Get Fell In…

… went up the cry, so we did and found ourselves in some old garages in Birmingham.

Jowett Jupiter

To open the doors on some forgotten or neglected treasure never fails to excite. This Jupiter’s complete less the engine and seat and is destined to become the competition car. With the body panels lifted away, the chassis, despite a couple of the tyres being a bit flat one end, rolled up the ramps quite easily. The rest of the kit of parts went on the back of the truck and we set off home delighted with our day’s work.

Jowett Jupiter Chassis

A couple of days later and Learned Counsel had roughly assembled the major components to make it easier to store.

Jowett body

It reminds me of the discovery last year, albeit in a more complete state, of the other Jowett.

Jowett Jupiter

So he’s got plenty to get on with. As indeed have I.

New friction damper

All the parts for the new friction dampers have been assembled and I just need to braze the bush retainers to the arms before bending to shape and boring for the centre bushes – which I still need to turn up but I’ve got the material. I’ve finally put the front hubs to bed – the removal of the steering arm wasn’t as onerous as I imagined although it made me wonder how some of these nuts were done up originally as there’s almost no room to get a spanner in; you couldn’t get near with a socket. The next move is to get a suitable master cylinder, connect it up and see if the brakes work. And talking of brakes, I’ve started to complete the rear brake circuits. Both systems – the handbrake and service brakes are cable operated to the rear so I’m splicing the cable ends to avoid using cable clamps. It’s a bit tricky getting the length right and I’m a little out of practice but once I’d got past the first one, I was off at a canter.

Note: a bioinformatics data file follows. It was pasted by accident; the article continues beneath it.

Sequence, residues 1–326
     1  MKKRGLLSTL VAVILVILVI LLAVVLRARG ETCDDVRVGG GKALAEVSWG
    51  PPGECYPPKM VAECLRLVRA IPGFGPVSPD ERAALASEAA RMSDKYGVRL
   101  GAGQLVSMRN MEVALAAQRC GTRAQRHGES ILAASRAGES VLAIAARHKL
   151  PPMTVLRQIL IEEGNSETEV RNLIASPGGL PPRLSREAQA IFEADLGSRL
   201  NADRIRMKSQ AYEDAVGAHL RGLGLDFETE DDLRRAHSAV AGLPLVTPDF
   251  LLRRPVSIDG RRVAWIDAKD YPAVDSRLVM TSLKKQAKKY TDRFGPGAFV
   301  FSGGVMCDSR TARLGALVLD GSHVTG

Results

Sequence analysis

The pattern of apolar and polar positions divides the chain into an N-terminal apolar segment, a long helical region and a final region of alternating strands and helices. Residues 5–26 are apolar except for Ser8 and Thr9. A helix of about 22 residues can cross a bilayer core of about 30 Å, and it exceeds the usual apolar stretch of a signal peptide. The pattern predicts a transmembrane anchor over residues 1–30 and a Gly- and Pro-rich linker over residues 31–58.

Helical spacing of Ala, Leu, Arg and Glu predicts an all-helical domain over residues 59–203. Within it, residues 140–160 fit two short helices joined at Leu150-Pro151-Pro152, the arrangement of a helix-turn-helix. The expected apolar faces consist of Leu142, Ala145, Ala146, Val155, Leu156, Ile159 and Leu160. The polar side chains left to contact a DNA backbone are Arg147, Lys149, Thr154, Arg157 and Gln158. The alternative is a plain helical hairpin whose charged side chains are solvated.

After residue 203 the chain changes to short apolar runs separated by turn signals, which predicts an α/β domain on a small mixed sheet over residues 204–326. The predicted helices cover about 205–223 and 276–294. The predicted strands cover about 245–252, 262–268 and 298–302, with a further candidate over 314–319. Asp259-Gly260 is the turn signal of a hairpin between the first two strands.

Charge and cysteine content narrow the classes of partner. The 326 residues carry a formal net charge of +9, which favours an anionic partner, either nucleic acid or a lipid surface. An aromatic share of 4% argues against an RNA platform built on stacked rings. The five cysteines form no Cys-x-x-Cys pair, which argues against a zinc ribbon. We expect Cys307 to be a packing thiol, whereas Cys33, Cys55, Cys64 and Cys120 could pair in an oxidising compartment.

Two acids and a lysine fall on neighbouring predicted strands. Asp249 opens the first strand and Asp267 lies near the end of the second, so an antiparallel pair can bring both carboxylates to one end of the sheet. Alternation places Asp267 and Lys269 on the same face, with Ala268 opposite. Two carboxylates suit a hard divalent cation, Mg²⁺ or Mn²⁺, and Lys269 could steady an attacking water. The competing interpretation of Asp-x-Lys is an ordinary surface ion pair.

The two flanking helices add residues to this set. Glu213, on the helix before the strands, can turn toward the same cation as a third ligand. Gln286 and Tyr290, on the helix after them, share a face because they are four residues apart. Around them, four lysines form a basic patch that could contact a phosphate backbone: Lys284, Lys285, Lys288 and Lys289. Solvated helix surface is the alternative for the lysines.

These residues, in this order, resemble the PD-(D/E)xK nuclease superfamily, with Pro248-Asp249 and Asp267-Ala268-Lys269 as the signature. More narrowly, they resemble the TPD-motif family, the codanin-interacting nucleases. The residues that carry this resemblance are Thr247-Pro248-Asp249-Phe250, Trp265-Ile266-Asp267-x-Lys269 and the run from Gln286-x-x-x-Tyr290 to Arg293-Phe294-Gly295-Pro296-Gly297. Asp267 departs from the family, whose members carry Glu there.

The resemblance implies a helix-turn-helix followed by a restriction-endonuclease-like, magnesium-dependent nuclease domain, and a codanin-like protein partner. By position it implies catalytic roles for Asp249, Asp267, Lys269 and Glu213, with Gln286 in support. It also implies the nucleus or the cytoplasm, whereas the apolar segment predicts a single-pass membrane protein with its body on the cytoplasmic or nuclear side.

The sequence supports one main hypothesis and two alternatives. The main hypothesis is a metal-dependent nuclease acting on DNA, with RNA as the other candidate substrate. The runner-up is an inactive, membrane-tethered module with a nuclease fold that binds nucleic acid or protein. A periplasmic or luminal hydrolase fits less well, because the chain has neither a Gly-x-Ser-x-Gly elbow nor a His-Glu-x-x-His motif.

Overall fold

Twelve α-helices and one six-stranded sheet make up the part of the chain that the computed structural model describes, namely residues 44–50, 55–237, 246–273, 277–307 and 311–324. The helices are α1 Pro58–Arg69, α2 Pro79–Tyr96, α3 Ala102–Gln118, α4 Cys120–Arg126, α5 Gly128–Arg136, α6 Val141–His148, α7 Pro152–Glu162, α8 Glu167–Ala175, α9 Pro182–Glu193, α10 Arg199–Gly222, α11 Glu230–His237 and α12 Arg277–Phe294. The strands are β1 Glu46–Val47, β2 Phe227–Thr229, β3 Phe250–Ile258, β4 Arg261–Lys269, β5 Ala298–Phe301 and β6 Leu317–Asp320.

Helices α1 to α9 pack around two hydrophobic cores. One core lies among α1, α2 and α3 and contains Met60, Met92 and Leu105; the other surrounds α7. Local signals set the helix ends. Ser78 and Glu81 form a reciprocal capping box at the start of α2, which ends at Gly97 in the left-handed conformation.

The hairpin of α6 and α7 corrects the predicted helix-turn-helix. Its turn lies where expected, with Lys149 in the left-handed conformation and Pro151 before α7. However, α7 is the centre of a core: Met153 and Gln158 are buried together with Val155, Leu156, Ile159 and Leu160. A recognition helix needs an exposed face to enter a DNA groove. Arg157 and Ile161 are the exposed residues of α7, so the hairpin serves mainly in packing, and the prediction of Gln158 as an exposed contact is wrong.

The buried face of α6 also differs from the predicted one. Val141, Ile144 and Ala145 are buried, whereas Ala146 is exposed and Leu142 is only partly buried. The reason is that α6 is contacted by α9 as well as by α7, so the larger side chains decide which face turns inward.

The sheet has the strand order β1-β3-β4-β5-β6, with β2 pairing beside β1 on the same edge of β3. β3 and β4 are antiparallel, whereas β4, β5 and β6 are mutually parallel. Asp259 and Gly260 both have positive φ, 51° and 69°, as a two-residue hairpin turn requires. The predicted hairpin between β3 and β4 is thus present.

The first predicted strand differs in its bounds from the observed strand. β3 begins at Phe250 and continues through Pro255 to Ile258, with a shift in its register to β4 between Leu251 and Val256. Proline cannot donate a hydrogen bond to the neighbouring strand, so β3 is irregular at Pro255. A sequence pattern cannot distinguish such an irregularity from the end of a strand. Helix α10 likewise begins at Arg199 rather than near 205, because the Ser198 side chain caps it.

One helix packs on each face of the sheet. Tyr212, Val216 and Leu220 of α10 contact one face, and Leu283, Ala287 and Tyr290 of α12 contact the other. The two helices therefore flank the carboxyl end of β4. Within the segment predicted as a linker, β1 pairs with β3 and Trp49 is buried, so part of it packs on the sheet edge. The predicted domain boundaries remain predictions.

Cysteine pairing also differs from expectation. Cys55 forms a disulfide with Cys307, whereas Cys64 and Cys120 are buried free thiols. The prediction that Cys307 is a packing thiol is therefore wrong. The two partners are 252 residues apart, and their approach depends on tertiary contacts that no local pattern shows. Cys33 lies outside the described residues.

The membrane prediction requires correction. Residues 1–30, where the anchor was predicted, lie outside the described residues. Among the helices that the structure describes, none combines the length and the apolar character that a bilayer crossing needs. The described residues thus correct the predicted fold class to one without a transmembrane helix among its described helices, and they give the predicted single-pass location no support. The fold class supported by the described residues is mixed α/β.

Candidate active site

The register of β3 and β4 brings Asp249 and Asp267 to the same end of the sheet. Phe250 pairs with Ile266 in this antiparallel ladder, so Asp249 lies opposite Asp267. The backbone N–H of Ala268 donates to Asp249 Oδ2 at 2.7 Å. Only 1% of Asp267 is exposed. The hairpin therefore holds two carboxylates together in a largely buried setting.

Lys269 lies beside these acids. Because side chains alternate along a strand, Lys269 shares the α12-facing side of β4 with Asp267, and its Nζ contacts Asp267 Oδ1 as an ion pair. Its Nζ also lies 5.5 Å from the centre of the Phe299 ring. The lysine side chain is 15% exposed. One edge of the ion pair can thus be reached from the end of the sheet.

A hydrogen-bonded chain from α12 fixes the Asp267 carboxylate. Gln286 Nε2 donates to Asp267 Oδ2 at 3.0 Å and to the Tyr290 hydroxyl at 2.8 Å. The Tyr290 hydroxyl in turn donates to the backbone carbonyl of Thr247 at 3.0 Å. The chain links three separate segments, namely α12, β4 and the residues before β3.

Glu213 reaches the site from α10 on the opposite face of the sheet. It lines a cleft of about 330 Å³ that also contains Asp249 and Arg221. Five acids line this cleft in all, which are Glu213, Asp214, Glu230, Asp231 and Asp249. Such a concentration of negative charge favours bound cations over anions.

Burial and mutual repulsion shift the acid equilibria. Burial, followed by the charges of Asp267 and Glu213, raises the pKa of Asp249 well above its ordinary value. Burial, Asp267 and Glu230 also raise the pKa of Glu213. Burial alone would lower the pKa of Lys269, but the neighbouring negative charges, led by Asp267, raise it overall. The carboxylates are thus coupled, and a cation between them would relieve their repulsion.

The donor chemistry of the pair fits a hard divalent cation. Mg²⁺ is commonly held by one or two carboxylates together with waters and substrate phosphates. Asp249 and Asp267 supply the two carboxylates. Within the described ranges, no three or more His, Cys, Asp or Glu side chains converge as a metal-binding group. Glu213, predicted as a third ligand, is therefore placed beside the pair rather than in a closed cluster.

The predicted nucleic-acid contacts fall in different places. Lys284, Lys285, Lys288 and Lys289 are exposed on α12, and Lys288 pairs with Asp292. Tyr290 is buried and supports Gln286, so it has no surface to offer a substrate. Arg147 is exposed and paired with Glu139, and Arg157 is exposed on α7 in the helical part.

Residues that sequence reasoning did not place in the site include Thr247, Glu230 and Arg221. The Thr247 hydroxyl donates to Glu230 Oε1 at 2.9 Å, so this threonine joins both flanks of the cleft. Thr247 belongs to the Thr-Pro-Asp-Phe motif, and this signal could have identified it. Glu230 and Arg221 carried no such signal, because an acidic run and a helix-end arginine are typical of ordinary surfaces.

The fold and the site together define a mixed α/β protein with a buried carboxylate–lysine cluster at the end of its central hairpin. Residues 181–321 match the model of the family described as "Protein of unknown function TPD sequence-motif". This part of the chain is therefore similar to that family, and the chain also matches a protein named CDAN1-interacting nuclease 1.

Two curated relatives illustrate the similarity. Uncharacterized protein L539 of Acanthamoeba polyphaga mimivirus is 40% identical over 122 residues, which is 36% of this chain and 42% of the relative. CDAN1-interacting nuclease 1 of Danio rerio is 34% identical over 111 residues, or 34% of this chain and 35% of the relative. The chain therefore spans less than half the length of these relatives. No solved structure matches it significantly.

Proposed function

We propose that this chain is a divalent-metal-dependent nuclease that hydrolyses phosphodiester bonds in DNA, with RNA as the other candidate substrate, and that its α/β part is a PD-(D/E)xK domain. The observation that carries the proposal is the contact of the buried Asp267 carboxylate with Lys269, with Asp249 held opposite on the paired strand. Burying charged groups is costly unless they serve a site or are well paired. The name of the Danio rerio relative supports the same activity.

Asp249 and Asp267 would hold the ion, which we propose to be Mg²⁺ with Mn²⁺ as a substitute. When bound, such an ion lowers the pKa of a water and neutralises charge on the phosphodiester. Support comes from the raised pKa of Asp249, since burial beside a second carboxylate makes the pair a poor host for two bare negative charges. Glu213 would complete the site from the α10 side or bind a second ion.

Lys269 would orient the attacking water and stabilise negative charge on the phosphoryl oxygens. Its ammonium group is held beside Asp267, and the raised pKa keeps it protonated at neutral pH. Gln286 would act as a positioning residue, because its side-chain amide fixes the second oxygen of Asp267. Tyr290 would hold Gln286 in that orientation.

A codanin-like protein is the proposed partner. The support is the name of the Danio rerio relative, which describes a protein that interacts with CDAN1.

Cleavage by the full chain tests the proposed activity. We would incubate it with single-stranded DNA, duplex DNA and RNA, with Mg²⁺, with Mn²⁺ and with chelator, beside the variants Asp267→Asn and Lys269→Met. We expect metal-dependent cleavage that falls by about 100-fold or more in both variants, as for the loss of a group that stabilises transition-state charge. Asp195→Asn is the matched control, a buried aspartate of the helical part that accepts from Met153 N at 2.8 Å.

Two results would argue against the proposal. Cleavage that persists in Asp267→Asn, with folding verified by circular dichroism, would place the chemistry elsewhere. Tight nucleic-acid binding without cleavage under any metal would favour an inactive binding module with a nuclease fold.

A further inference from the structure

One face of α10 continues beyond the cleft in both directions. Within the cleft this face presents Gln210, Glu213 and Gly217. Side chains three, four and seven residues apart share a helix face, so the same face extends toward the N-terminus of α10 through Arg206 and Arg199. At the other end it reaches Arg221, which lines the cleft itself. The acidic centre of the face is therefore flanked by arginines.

Handbrake cable end

The handbrake and the service brake cables go around some fairly tight bends so instead of the original 7×7 strand cable, I’ve used a 7×19 strand cable which is a lot more flexible. The downside is that the strands can more easily separate in the splicing operation but insulating tape is a great help in keeping things together. Here’s the handbrake circuit…

Handbrake cable circuit

… and the attachment plates employed. I’ve made new ones of these – bending them so that the holes lined up was a bit of a lark!

Brake cable attachment plate

And as soon as I’ve got a new key for the nearside hub, that’ll be the rear hubs put to bed and I can get on with the details of the seating and controls. The steering box is in position but I’m wondering whether or not to get a new sector shaft. There’s a few quite serious looking grooves in the actual shaft caused by neglect and, I don’t mind losing the brakes so much – I’ve got 3 systems to play with – but losing the steering?

Best get fell out!


2 comments on “Get Fell In…

  1. Grant says:

    Grooves in your steering box sector shaft could well be serious stress raisers and lead to a case of terminal directional instability when you least need it, and you never do. If your box is a Marles don’t forget the great 12/50 Alvis panic of some years ago when their steering box cross shafts were literally breaking when the cars were standing still. Chap would go into the pub, come out and the drop arm and drag link would be lying on the ground! Have a new shaft made if you can’t find a mint one that passes crack testing. Given that you have fitted a heavier and more powerful engine it’s just as well you remembered to crack test the drop arm, pitman arms, stub axles and king pins before putting everything together so don’t stint with the steering box for a moment.

    • Are you sure it was parts of the car that were lying on the ground? I’ve got a Ford V8 box – a lot less fuss than a Marles and perfectly up to the job. A very careful examination of the steering components is, I think, perfectly adequate provided you know what you’re looking for and are not scared to explore with a file anything suspicious looking. I think if I crack-tested everything on a car nearly 90 years old, I wouldn’t have a car – but I understand your point.

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